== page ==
Jung formulated his approach to the psyche through experiences in his own life, which he would later refer to as his encounter with the unconscious, that led to a deep investigation of his own psyche resulting in the composition of The Red Book, an account of the images that formed themselves during his own process of active imagination.

Jung’s theory of the collective unconscious as a level of the psyche that is universally shared and the archetypes, which give rise to common themes in myth and religious practices throughout history, prompted Jung to investigate historical patterns that corresponded to his developing model of the psyche. Foremost among these investigations was his interest in alchemy, which Jung interpreted as a precursor to modern psychology as well as a precursor to modern science. Late in life, Jung engaged with the quantum physicist, Wolfgang Pauli, in the investigation of phenomena that were in part associated with the work of the psychological aspects of alchemy in which psychological and material states are associated with one another. These phenomena they referred to as synchronicities. Underlying synchronistic phenomena, Jung and Pauli speculated, was a profound unity within nature that they referred to as the psychoid dimension of reality. Jung associated the experiences associated with synchronicity and the psychoid with the anthropological notion of participation mystique, the felt sense of a fundamental unity within nature.

The analytic process is intended to bring these factors, both personal and collective, into consciousness, allowing the individual to see more clearly what forces are at play in his or her life. In addition to active imagination and other symbolic processes such as sand tray work, analytical psychology continues the tradition of dream interpretation, as a part of the analytic process.  Unlike classical psychoanalysis, however, Jung viewed the dream as focused on the individual’s current circumstances and the course of development going forward.  Implicit in Jung’s understanding of is the sense of a telos, or goal toward which one’s life can be directed. The role of the analyst is to help facilitate the individuation process and accompany the analysand on his or her personal journey. Using many of the concepts of psychoanalysis, such as transference and countertransference, but adding characteristically Jungian concepts such as active imagination, the analyst and the analysand work collaboratively to explore and enlarge the analysand’s experience and understanding of their life, and its relation to the deep structures of the psyche.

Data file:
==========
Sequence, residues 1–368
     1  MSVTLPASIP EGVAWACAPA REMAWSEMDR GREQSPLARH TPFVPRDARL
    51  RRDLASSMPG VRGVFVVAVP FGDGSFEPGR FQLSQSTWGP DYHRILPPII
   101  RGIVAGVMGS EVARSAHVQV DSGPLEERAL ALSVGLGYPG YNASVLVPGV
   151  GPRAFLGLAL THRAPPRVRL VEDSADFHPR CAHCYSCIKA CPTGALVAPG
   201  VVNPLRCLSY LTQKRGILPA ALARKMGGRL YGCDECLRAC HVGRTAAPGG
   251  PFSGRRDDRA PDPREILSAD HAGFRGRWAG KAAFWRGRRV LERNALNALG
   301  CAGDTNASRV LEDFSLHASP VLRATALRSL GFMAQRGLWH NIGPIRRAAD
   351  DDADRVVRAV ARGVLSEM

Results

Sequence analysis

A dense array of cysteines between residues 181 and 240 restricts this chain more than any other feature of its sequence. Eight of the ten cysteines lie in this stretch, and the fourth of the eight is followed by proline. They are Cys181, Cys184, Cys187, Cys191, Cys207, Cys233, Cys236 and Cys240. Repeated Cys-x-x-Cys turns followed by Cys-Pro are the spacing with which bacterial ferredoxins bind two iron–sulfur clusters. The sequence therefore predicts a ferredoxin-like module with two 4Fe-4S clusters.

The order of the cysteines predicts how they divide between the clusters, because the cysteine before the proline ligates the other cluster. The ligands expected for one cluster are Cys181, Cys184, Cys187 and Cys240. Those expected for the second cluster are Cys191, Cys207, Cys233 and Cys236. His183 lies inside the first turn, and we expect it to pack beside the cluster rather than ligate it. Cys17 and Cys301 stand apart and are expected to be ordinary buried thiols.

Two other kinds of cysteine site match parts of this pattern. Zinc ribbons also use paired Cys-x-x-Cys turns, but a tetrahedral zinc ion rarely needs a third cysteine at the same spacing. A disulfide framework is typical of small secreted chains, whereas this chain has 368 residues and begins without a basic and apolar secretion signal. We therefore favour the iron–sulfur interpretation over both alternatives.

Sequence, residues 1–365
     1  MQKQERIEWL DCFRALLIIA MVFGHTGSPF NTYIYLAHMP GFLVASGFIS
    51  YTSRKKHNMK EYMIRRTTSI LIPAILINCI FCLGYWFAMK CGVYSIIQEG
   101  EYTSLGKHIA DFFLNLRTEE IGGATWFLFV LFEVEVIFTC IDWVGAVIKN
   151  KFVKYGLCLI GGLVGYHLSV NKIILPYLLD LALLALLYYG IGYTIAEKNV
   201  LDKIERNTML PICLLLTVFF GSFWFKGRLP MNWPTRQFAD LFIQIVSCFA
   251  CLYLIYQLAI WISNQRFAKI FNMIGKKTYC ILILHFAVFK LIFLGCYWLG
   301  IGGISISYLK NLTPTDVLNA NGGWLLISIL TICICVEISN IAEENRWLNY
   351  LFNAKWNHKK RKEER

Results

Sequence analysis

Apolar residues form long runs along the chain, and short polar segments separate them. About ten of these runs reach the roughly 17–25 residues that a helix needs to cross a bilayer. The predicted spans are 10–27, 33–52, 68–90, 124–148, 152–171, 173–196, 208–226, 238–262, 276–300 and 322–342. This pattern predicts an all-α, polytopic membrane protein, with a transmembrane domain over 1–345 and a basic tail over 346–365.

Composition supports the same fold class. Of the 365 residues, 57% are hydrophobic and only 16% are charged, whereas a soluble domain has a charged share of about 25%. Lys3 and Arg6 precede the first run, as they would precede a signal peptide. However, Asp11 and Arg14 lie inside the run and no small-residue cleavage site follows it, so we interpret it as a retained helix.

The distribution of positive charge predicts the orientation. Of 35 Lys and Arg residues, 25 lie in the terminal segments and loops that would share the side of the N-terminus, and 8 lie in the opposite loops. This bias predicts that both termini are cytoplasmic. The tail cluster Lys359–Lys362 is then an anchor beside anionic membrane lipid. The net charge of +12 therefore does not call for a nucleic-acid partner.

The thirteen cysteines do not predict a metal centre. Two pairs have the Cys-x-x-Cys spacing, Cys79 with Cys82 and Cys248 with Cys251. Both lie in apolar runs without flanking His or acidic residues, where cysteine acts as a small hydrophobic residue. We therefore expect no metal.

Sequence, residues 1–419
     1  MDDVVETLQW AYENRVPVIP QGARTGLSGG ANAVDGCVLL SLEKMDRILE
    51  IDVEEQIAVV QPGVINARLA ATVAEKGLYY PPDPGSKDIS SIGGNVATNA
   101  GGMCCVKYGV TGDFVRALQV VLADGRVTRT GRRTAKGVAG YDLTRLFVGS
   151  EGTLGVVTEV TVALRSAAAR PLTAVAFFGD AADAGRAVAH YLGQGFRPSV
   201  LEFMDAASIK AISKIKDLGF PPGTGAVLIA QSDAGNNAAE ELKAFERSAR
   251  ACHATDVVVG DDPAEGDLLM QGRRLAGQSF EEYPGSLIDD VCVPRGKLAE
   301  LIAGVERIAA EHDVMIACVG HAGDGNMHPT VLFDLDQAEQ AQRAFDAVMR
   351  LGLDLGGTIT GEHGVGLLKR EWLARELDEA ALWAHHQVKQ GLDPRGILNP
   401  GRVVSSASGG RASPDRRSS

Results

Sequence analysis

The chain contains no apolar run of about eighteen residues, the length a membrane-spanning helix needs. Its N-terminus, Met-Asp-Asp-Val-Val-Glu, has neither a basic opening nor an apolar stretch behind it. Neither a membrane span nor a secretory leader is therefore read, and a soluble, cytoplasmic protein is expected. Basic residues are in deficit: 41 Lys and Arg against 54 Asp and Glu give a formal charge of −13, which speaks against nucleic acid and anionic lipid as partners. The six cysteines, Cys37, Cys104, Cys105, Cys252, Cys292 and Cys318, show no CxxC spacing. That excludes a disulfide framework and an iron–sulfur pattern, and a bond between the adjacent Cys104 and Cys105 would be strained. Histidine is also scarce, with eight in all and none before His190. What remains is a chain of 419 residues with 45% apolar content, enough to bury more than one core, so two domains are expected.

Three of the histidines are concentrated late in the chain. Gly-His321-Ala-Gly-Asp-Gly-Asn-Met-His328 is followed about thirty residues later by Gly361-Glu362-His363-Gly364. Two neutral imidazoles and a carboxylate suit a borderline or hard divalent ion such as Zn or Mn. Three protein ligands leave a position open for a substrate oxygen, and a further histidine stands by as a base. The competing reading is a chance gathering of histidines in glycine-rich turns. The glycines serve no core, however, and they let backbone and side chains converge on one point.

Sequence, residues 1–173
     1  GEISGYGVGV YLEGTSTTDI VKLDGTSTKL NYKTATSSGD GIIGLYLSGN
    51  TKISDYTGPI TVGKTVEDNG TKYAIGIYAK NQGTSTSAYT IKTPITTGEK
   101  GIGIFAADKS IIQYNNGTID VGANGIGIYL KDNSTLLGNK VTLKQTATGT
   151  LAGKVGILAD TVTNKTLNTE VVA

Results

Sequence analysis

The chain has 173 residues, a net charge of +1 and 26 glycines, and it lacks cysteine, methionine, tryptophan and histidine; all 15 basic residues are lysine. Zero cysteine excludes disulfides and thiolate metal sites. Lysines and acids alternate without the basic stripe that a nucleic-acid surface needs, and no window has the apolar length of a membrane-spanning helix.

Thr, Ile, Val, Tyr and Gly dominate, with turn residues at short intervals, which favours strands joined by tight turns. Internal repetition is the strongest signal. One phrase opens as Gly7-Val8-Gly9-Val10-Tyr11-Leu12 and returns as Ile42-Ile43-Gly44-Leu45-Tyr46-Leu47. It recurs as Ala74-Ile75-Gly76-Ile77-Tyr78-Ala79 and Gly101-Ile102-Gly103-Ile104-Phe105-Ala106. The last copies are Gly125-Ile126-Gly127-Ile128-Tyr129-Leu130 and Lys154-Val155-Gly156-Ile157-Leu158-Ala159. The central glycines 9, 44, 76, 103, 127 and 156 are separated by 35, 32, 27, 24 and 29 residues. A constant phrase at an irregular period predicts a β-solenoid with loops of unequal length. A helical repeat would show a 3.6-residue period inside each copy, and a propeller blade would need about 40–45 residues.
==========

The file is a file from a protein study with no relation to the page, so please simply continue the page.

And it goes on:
George Hogenson is a Jungian analyst in private practice in Chicago. He earned the Ph.D. in philosophy from Yale University, an MA in clinical social work from the University of Chicago, and the Diploma in Analytical Psychology from the C. G. Jung Institute of Chicago. He is the past President of the Chicago Society of Jungian Analysts, and past Vice President of the International Association for Analytical Psychology. He has published widely on the history and theory of Analytical Psychology, and lectures regularly in the United States, Europe, and Asia.